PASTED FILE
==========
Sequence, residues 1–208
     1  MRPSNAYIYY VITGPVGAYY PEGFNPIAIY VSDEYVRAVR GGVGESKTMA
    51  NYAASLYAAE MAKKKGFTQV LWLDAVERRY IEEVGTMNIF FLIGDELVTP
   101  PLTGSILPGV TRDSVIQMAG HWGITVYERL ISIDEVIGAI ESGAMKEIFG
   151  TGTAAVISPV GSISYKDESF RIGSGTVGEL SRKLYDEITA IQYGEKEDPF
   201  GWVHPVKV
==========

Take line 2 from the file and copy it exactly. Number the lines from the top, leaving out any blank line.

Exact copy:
     1  MRPSNAYIYY VITGPVGAYY PEGFNPIAIY VSDEYVRAVR GGVGESKTMA